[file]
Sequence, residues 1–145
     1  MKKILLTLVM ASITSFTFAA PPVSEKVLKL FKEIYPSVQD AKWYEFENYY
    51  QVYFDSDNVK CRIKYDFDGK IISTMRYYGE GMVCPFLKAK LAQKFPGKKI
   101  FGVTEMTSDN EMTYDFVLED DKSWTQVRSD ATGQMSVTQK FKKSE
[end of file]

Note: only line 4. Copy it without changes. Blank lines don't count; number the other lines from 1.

   101  FGVTEMTSDN EMTYDFVLED DKSWTQVRSD ATGQMSVTQK FKKSE